As previously stated we went backpacking, if you have never been backpacking with small children there is a lot of this (pictured below): But also its important to go at your child's pace so they enjoy it.
1-- The biggest plus about going was my husband became the primary parent. They wanted him to hug him if they got hurt, they whined to him for food. Pretty much anything went wrong and they went to him, our 19 month old even shook her head no when I tried to hug her, and went and hugged her dad with a big grin on. Its the exact opposite at home, they never whine to dad, they never want him to fix their sorrows. It was bittersweet, I did have a ting of regret, but it was awesome to just be along for the ride, instead of flying the plane. I think they knew I'm incredibly incapable of taking care of myself if the wilderness and so I couldn't help them either. When it comes to survival my husband is the one in command. (I'm pretty sure there is nothing sweeter than watching my husband and daughter holding hands hiking together.)
2-- My children love camping, they love being in the dirt, the tree, the flowers, the rocks, and even a little water if they are allowed, so they absolutely love camping. Backpacking was no different, although they did get a little fatigued with the backpacking portion, but so did Brent and I. His pack was 40+ lbs, and mine was 30+. Brent and I are light people, that was 10+ too much for both of us, 20 lbs total.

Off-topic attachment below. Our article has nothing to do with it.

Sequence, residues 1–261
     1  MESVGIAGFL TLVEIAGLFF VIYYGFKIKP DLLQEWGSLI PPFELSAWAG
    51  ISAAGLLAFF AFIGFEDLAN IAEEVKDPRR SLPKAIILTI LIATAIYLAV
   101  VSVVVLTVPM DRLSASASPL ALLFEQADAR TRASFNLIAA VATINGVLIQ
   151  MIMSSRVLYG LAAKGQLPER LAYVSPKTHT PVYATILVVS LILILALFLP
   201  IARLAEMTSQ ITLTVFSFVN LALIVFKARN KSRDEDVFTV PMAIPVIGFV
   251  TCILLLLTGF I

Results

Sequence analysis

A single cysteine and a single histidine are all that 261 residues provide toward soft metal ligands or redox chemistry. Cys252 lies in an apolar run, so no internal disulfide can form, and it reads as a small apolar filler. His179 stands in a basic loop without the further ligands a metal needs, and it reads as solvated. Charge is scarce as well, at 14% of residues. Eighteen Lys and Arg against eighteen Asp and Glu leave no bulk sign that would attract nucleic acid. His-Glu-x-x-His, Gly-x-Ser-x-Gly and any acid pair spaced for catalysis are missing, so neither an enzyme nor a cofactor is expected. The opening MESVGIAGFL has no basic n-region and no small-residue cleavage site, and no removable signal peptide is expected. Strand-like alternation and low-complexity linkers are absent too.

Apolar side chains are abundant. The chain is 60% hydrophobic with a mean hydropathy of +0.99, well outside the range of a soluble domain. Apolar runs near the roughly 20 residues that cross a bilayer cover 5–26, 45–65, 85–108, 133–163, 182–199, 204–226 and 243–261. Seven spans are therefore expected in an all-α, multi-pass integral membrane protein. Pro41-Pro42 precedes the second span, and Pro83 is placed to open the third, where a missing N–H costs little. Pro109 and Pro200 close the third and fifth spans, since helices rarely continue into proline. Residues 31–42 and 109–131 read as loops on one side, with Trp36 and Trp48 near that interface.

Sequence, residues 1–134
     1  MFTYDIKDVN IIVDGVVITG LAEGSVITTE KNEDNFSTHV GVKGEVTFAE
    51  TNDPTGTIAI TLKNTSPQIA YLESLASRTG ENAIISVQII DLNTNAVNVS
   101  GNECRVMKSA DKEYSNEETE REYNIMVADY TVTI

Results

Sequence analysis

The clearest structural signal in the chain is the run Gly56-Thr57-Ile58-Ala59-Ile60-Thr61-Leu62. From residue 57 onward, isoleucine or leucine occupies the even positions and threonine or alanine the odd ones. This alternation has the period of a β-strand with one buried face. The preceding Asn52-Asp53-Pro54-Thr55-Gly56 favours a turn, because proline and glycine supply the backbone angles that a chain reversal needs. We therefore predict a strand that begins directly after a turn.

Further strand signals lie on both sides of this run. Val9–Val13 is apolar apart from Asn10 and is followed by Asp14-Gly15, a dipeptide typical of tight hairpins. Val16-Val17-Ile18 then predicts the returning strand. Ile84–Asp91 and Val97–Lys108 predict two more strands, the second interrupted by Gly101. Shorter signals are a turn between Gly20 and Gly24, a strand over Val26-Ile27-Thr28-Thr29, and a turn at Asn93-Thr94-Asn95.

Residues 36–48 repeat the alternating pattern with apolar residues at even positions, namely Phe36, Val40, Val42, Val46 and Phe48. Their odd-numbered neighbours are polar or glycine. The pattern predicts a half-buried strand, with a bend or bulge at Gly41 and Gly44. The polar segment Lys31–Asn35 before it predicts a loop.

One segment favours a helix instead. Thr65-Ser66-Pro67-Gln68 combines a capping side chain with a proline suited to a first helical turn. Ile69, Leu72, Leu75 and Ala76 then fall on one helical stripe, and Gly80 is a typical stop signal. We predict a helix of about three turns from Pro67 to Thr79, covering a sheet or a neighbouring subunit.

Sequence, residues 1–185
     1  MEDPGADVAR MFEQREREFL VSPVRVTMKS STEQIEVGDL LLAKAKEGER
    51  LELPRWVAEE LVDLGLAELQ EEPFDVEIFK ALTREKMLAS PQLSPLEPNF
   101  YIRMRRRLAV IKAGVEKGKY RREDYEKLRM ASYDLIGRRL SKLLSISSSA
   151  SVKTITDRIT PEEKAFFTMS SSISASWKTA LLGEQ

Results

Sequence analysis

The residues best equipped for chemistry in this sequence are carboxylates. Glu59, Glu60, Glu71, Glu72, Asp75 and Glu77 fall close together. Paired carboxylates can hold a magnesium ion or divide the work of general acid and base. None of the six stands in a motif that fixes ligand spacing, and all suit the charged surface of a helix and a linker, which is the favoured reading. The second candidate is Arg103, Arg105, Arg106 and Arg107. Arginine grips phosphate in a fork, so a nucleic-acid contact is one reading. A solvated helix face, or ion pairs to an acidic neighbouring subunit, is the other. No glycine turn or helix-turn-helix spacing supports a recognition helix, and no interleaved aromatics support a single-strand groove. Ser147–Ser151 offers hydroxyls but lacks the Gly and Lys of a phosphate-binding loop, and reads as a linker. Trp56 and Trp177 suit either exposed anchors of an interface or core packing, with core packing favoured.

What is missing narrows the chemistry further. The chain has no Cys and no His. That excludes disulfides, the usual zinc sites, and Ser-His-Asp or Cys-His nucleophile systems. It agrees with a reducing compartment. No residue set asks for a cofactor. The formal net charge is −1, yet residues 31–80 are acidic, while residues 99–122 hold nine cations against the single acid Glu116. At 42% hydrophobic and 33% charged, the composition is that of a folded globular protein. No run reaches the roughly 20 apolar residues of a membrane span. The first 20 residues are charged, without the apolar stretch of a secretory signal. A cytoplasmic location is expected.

3-- This was the first time we had been backpacking with kids. We didn't really know what to pack or what to expect. We started with a small trip, three days, about a mile in, and a mile out, then day in-between of day hikes. It was my daughter's (19 months) second trip actually hiking instead of walking, (she didn't make the whole mile). My son (4 years old) had never hiked with a pack on, other than two miles we walked at home through a park on flat dirt. His pack wasn't much, a 1-liter water bladder, his jacket, his thumb sucking blanket, two pulls ups, and his sister's thumb sucking blanket. The way in he didn't make the whole mile carrying, it I had to take it, but he did do the day hikes with it, with just his jacket, and the hike out.
4-- We bought my son the REI Squirt Hydration Pack. I had to sell my husband on this one. I picked it for a few reasons,
1. REI stuff is cheaper than name brands.
2. I wanted to pick a hydration pack because its hard to get tired kids to drink water unless its fun, and easy. A straw from your back is fun, don't believe me watch my kids fight over it. My daughter will probably get one for her birthday.
3. REI's squirt was one of the smaller packs, and my four year old is small, but the only one that was small and also had room from other stuff in the pack.